Democrats were delighted with the outcome – in that case. But on a number of occasions, Phelan has sided with Republicans on some of the more conservative proposals that have ended up at the Legislature. In 2017, Phelan voted for an anti-“sanctuary cities” bill that prompted mass protests among Democrats and Latino organizers. The bill required local police to cooperate with federal immigration authorities and allowed police to inquire about the immigration status of people they lawfully detained. Opponents called it a “show-me-your-papers” law that invited racial profiling and would make immigrant groups fearful of police.

And in 2019, he sponsored a bill popular among hardline conservatives that would have banned governments from using taxpayer dollars to lobby the Legislature. That measure ultimately failed, but is among the Texas GOP’s top priorities for 2021.

But while lawmakers on both sides might have differences with him, House members say it’s Phelan’s transparency on where he stands that has built inroads and respect with colleagues across the ideological spectrum.

“I take him at his word when he says he just wants to be a speaker who calls the balls and the strikes,” said state Rep. Matt Krause, a Fort Worth Republican and member of the hardline conservative House Freedom Caucus. “Honestly, I think that’s all you can ask for from a speaker.”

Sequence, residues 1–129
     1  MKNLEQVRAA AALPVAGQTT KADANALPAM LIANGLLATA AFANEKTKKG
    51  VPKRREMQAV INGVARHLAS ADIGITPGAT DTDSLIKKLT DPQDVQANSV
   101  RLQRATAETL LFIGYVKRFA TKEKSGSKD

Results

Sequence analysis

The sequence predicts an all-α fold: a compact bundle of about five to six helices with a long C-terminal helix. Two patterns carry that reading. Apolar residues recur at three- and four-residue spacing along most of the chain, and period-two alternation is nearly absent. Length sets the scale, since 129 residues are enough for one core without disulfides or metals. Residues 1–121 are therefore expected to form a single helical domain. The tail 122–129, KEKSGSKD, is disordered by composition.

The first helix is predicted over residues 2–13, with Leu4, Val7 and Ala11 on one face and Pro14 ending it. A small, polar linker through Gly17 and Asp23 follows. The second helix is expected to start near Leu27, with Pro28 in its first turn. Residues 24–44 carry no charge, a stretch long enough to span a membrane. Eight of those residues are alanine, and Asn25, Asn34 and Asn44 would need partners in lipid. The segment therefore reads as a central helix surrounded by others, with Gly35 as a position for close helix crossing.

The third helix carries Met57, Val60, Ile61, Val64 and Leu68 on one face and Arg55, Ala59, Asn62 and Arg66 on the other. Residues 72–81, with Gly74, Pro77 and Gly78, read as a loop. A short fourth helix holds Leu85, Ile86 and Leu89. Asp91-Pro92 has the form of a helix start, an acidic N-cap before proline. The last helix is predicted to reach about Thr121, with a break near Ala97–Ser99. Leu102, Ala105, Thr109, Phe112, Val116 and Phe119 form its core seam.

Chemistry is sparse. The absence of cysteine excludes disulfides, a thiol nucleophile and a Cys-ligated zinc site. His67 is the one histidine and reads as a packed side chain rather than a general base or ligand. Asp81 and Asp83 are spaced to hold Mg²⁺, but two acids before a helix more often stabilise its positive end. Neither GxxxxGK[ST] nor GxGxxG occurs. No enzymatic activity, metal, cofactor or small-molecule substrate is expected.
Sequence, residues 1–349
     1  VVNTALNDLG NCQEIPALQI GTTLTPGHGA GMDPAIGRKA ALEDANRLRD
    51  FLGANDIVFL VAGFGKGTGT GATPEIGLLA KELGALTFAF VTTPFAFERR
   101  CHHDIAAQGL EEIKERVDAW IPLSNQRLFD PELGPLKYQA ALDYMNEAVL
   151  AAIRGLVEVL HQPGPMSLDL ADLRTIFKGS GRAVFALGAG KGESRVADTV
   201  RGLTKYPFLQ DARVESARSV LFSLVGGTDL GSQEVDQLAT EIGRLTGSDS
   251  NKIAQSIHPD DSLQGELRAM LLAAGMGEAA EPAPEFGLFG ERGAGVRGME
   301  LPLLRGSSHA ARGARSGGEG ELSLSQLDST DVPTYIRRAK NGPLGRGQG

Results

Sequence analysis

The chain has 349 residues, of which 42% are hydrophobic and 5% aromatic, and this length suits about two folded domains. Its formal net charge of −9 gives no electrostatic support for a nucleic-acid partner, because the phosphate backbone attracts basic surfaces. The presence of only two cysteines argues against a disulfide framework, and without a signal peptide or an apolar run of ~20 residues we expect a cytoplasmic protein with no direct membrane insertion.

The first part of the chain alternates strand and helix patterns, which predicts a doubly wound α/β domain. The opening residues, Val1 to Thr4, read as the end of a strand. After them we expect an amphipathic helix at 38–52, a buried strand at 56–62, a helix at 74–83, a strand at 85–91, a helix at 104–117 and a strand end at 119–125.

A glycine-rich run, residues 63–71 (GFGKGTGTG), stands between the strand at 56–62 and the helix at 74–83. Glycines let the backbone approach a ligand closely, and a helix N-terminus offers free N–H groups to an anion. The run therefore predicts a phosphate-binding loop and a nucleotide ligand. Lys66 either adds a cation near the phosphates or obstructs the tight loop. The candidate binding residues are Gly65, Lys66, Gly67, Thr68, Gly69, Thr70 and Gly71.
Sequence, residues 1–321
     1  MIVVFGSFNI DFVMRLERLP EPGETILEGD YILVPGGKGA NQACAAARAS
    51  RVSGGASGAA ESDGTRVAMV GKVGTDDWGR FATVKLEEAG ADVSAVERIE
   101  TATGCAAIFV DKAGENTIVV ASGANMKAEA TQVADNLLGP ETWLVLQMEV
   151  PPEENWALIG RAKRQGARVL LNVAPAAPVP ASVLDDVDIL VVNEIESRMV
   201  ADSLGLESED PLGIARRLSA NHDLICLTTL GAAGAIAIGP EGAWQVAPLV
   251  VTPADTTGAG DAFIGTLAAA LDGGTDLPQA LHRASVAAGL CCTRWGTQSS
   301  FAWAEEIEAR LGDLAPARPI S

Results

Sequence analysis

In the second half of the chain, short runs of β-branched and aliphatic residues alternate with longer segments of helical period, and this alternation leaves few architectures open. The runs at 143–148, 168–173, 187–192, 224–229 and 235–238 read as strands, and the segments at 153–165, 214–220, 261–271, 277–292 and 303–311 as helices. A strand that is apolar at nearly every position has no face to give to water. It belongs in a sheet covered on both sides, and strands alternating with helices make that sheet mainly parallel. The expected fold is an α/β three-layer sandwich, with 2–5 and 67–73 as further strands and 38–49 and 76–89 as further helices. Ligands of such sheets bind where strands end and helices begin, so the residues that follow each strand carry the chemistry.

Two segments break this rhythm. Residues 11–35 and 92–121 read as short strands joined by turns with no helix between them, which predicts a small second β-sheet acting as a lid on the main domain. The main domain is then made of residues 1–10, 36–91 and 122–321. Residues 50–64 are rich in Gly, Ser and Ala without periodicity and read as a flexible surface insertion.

‘You’ll know where he is going’ 

In some ways, the Texas House that convenes in January will look a lot like the one that gaveled out two years ago under Bonnen’s tutelage. It will still have 83 Republicans and 67 Democrats, with a Lt. Gov. Dan Patrick-led Senate across the building and Gov. Greg Abbott in the governor’s office.

But the circumstances have changed. House members are facing a pandemic, massive budget shortfalls, and fractured relationships after a particularly polarizing election cycle and the scandal that led to Bonnen’s downfall. Plus, they’ll face the grueling and cutthroat process of redrawing the state’s political maps.

Overall, the Legislature is bracing for one of the toughest sessions in years.

The knowledge of that loomed over the race to replace Bonnen, which had been relatively quiet heading into the homestretch before Election Day.

Part of that silence, some suggested, was due to the uncertainty surrounding which party would be in control of the House – and by how many seats. As the election neared though, factions began forming and members filed paperwork to run for the gavel. Among Republicans, two clear groups had formed: One with Phelan and other members who had been instrumental in organizing the support that won Bonnen the gavel in 2018, and another that included more ideologically moderate members who helped spur the speaker’s retirement after his political scandal.

On the Sunday before Election Day, Phelan became the seventh candidate to enter the race after the group of Republicans he was associated with met in Austin and picked him as their preferred member for the job.

By Wednesday afternoon, and with Republicans confident their majority in the House would remain nearly the same, Phelan announced at a Capitol news conference that the speaker’s race was over. He claimed he had backing from a “supermajority of the Republican caucus” and a “broad coalition of support” from Democrats. He released a bipartisan list of 83 names soon after.